Sock liners are an important addition to anyone’s hiking or hunting sock collection, and they serve a vital function that other styles of socks cannot. Liners are designed to be worn under your primary pair of hunting or hiking socks, and they are made of special materials that encourage moisture wicking. As you wear them close to the skin on your feet, they draw moisture away from your feet and out towards the warmer, heavier sock layer on top. On longer days, you can swap out the sock liners with another pair in your pack and then put back on the heavier layer to keep your feet dry. It’s also easier to pack several sock liners in a backpack short on space.
Neoprene Socks / Wading Socks
If you’re around the water during activities like fly fishing, rafting, paddling, etc., you need a sock that provides insulation even when wet. Neoprene socks allow you to get your feet wet and still receive some insulation from your socks, but note that if you have a good pair of waders, you won’t necessarily need neoprene socks if the seal on your waders is good (as it should be). Neoprene is measured in thickness by millimeters, and the thicker the neoprene, the more insulation that you’ll receive. However, very thick neoprene socks can feel bulky, and you’ll need to balance thickness with flexibility.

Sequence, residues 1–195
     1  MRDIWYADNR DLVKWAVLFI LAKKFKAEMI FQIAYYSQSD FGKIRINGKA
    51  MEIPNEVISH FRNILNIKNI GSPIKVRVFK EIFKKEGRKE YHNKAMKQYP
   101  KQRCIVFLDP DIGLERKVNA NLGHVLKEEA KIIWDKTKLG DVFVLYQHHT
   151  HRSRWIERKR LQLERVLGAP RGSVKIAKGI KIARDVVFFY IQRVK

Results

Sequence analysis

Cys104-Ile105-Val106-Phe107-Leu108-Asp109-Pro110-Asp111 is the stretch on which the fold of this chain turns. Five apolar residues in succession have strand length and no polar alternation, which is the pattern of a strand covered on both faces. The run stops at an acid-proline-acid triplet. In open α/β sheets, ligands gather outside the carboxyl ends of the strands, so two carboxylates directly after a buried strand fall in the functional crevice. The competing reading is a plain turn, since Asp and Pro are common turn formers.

A Word On Merino Wool